Saturday, August 13, 2022 Aug 13, 2022
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Ezekiel Elliott’s New Clothing Collab with Centre Aims to Raise $100k for the North Texas Food Bank

The shirts and hoodies, which play off the "Feed Zeke" meme, are available for a limited time.
By Trace Miller |
Elliott and Sunderman

Ezekiel Elliott, the Dallas Cowboys’ star running back, has become synonymous with food. After all, his trademark celebration, in which he mimes eating with a spoon, was the inspiration for the eponymous “Feed Zeke” meme.

“[It’s] symbolic of, like, ‘Hey, let’s go! I’m ready! We’re hungry, we want this!” says Elliott’s friend Nick Sunderman, who owns the Mockingbird Station retailer Centre.

Fittingly, Elliott has partnered with both Sunderman and the North Texas Food Bank to support the nonprofit’s coronavirus relief efforts.

The newest installment of Centre X Ezekiel Elliott, a collection of lighthearted shirts and hoodies, was released last Saturday. All of the revenue will go to the North Texas Food Bank. Expect t-shirts, long-sleeve shirts, sweatshirts, and sweatpants–in black, navy, grey, white, the occasional yellow or red–are adorned with oversized logos and catchy slogans or phrases. Like, “Hungry!”; “Drippin’ Sauce”; “United We Feed, Together We’ll Eat”; and now, “Stay Home. Stay Happy. Stay Healthy. Stay Hungry.”

Sunderman and Elliott have designed and released merch collections once or twice a year since Elliott came to Dallas in 2016, fresh from Ohio State. For this collection, Elliott sought to combat the economic impact of coronavirus and celebrate healthcare workers.

“[There are so many news stories] about the number of students and families that are on subsidized lunches,” says Elliott. “Public school students … need help with meals, [and] service industry professionals are now out of work… this has impacted everyone in a variety of ways.”

About two weeks ago, Elliott called Sunderman and told him, “Let’s find a way to get my merch launched now and let’s donate all the money to a charity.” Sunderman liked the idea and pledged to donate Centre’s revenue, too.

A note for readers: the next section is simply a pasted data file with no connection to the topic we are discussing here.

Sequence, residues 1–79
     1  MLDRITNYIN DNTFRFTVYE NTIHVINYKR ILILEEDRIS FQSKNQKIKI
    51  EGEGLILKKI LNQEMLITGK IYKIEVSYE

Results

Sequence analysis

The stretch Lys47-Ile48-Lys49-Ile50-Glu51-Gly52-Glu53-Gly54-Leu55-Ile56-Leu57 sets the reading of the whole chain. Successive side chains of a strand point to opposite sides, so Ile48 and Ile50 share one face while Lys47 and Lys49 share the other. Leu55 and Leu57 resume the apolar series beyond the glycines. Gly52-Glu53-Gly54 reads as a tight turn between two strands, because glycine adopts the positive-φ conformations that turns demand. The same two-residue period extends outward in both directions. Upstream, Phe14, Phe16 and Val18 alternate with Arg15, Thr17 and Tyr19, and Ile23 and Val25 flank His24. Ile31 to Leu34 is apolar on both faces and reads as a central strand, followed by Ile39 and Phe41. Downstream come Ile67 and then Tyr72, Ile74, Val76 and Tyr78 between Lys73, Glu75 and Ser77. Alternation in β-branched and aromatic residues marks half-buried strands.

The two friends set a goal to raise six figures. Sunderman called around to find the best possible recipient for the funds–something hopefully efficient as well as far-reaching.

North Texas Food Bank supplies food to more than a dozen pantries across Dallas-Fort Worth, from Crossroads Community Services and Voice of Hope in West Dallas to CitySquare in South Dallas. As pantries face COVID-induced spikes in demand, North Texas Food Bank is now dispensing food at unprecedented rates.

Elliott and Sunderman saw an opportunity there—and liked the opportunity they saw.

“Everybody always is talking about ‘Feed Zeke’ and wearing ‘Feed Zeke’ clothes,” said Sunderman. “[I said to him,] let’s do something now where you’re feeding the city.”

So far, the Centre X Ezekiel Elliott collection has raised about $75,000 of its $100,000 goal.

The colorful and funky pieces will be on sale through the weekend; both Elliott and Centre want to transfer the money to the North Texas Food Bank as soon as possible. 

Elliott and Sunderman have another charitable plan in the works, inspired by Elliott’s girlfriend, who works as a nurse. The business partners hope to challenge Elliott’s fellow football players and other Dallasites to pay off local nurses’ student debts. 


“I want to live in a country where the best and brightest want to be teachers and doctors and nurses, and we reward them as such,” Sunderman says. “It takes a catastrophe where people are risking their lives for everyone to stop and say, ‘Oh my gosh—these people are doing a lot of work.’ Well, they were doing a lot of work before coronavirus! I think that we need to be celebrating teachers and nurses and doctors more than we celebrate actors and athletes.”

While there are a few legal hurdles to overcome, Elliott and Sunderman hope to have the campaign up and running soon.

In the meantime, support his North Texas Food Bank fundraiser and go buy yourself a hoodie.

Shop the CENTRE X EZEKIEL ELLIOTT collection here.

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